"Absolute prosecutorial immunity is properly asserted in a plea to the jurisdiction because it deprives the court of all subject matter jurisdiction over the case." Hays v. Campos, No. 13-15-00216-CV, 2015 WL 5135946, at *2 n.3 (Tex.App.-Corpus Christi Aug. 31, 2015, no pet.) (mem. op.) (citations omitted). A plea to the jurisdiction is a dilatory plea typically used to defeat a plaintiff's cause of action regardless of whether the claims have merit. Bland Indep. Sch. Dist. v. Blue, 34 S.W.3d 547, 554 (Tex. 2000). We review a trial court's ruling on a plea to the jurisdiction based on immunity from suit under a de novo standard. Tex. Dep't of Parks and Wildlife v. Miranda, 133 S.W.3d 217, 226 (Tex. 2004). When doing so, we examine the factual allegations in the pleadings and relevant jurisdictional evidence. See City of Elsa v. Gonzalez, 325 S.W.3d 622, 625–26 (Tex. 2010); Bland, 34 S.W.3d at 555. When pleadings are challenged by a plea to the jurisdiction, a court must determine whether the pleader has alleged facts affirmatively demonstrating the court's jurisdiction, and the court must liberally construe the pleadings. Miranda, 133 S.W.3d at 226 (citing Tex. Ass'n of Bus. v. Tex. Air Control Bd., 852 S.W.2d 440, 446 (Tex. 1993)). "However, if a plea to the jurisdiction challenges the existence of jurisdictional facts, we consider relevant evidence submitted by the parties when necessary to resolve the jurisdictional issues raised, as the trial court is required to do." Miranda, 133 S.W.3d at 227 (citing Bland, 34 S.W.3d at 555). In that situation, our review of a plea to the jurisdiction is much like a traditional motion for summary judgment. See id. at 228.

         III. Analysis

         A. Prosecutorial Immunity

         Hartman contends that Alford is not entitled to prosecutorial immunity because "Alford was an illegal prosecutor who knowingly joined an extra-judicial conspiracy to fabricate false criminal charges against [him]."[3] Prosecutors enjoy absolute immunity under common law. Imbler v. Pachtman, 424 U.S. 409, 427 (1976). "Texas courts have followed federal courts and consistently held as a matter of law that absolute immunity extends to quasi-judicial officers, including prosecutors performing such typical prosecutorial functions as initiating criminal prosecution and presenting the State's case." Brown v. Lubbock Cty. Comm. Court, 185 S.W.3d 499, 505 (Tex.App.-Amarillo 2005, no pet.) (citing Oden v. Reader, 935 S.W.2d 470, 474–75 (Tex.App.-Tyler 1996, no pet.)). "Activities intimately associated with the judicial phase of the criminal process, such as initiating a prosecution and presenting the State's case, are functions to which absolute immunity applies with full force." Lesher v. Coyel, 435 S.W.3d 423, 430 (Tex.App.-Dallas 2014, pet. denied) (citing Imbler, 424 U.S. at 430).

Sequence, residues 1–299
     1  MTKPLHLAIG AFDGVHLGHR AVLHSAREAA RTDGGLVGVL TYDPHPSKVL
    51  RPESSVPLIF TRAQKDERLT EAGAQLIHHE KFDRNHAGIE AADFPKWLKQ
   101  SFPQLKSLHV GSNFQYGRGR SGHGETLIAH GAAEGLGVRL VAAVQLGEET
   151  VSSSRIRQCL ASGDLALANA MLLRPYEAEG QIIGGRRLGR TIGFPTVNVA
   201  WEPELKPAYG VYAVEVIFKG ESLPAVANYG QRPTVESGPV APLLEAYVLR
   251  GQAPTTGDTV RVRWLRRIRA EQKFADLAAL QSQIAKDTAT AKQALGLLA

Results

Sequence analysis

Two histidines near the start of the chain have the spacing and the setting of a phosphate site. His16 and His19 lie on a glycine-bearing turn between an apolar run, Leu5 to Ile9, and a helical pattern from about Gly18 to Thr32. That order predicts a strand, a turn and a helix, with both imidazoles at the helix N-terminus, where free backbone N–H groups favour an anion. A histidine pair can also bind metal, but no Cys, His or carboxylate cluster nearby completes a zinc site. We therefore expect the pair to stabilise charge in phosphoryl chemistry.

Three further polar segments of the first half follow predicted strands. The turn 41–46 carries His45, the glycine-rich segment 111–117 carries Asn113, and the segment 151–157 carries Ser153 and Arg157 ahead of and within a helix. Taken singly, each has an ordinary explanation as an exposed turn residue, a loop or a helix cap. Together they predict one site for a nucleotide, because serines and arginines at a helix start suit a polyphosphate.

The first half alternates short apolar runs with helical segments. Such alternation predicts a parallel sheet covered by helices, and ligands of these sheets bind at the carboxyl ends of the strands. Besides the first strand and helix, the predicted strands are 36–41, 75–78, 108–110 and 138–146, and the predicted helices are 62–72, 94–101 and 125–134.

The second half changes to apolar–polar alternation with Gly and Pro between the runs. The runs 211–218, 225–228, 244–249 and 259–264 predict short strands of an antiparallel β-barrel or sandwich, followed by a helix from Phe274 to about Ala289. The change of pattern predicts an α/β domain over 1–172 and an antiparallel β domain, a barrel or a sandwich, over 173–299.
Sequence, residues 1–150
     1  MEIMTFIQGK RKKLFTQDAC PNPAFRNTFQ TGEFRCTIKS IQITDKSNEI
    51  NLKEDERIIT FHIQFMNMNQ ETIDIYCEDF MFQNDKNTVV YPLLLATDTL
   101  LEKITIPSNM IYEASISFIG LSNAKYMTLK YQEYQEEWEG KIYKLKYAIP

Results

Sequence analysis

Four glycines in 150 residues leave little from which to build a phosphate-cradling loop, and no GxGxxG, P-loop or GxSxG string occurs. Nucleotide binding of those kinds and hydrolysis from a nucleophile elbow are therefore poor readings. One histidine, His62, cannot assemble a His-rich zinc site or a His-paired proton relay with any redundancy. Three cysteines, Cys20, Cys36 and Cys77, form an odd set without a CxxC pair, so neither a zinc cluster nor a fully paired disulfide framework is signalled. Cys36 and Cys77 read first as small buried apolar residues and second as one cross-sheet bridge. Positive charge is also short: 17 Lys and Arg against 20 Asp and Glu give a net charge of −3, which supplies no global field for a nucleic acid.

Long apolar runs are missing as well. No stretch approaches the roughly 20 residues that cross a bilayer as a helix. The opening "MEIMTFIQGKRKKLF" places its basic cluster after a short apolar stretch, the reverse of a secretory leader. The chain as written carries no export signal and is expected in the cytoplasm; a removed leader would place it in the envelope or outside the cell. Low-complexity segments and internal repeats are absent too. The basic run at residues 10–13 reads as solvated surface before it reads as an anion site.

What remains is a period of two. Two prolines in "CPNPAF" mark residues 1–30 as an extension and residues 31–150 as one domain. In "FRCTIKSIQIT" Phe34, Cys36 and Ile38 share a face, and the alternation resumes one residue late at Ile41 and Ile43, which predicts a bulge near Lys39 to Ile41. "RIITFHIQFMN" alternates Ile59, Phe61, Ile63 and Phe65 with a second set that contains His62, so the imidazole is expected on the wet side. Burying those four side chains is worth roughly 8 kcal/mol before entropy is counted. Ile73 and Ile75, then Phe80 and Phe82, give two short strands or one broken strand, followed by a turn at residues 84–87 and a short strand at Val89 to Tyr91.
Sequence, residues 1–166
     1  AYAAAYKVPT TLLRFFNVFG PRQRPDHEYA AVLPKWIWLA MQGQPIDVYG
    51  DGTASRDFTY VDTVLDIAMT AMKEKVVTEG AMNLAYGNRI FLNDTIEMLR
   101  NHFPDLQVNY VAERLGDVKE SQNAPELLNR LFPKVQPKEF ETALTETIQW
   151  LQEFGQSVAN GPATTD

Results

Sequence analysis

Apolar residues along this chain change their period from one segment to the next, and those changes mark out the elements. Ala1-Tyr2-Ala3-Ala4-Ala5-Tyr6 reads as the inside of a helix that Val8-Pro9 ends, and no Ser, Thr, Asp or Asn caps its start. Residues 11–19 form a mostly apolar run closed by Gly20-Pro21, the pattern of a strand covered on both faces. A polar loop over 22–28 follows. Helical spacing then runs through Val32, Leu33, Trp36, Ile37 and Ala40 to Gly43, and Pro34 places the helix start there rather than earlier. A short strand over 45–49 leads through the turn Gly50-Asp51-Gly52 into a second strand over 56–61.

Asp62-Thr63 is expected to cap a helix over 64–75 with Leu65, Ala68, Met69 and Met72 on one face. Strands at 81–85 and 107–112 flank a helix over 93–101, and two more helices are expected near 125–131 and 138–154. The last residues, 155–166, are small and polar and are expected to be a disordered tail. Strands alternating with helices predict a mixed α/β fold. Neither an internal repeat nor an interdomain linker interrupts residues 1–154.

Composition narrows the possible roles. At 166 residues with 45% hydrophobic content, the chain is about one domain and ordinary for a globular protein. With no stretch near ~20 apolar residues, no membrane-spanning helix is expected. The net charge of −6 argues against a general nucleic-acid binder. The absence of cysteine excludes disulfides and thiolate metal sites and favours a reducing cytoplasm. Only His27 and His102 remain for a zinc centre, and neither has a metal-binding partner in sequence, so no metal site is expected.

Prosecutorial immunity has also been applied to bad acts performed by the prosecutor. See Imbler, 424 U.S. at 427 (explaining that absolute immunity applies to a prosecutor who engages in "malicious or dishonest action"); see also Burns v. Reed, 500 U.S. 478, 489–90 (1991) (noting that "prosecutors and other lawyers were absolutely immune from damages liability at common law for making false or defamatory statements in judicial proceedings . . . and also for eliciting false and defamatory testimony from witnesses"); Lesher, 435 S.W.3d at 430–431 (applying absolute immunity to a prosecutor accused of withholding grand jury book from grand jury); Clawson v. Wharton Cty., 941 S.W.2d 267, 272 (Tex.App.-Corpus Christi 1996, pet. denied) (reasoning a prosecutor accused of taking bribes still enjoys absolute immunity because "[a]bsolute immunity will shelter a prosecutor even should he act maliciously, wantonly, or negligently") (citation omitted).

         This absolute immunity is effective against all civil lawsuits whether the lawsuit originates in federal court or state court and whether the allegations are lodged against the individual in his personal or official capacity. Clawson, 941 S.W.2d at 273; see also Lesher, 435 S.W.3d at 430; Brown, 185 S.W.3d at 505. Prosecutors are entitled to absolute immunity for exercising their judgment in presenting evidence and in conducting trials in criminal cases. Imbler, 424 U.S. at 427. Allowing anything less than absolute immunity would result in an "adverse effect upon the criminal justice system" and "better to leave unredressed the wrongs done by dishonest officers than to subject those who try to do their duty to the constant dread of retaliation." See id. at 426, 428 (citations omitted). "[T]he alternative of qualifying a prosecutor's immunity would disserve the broader public interest. It would prevent the vigorous and fearless performance of the prosecutor's duty that is essential to the proper functioning of the criminal justice system." Id. at 427–428.

         Hartman alleges that because Walker and his deputies had the witnesses submit false affidavits, Alford engaged in an "extra-judicial conspiracy" by knowingly using the false affidavits to prosecute him. According to Hartman, the video ...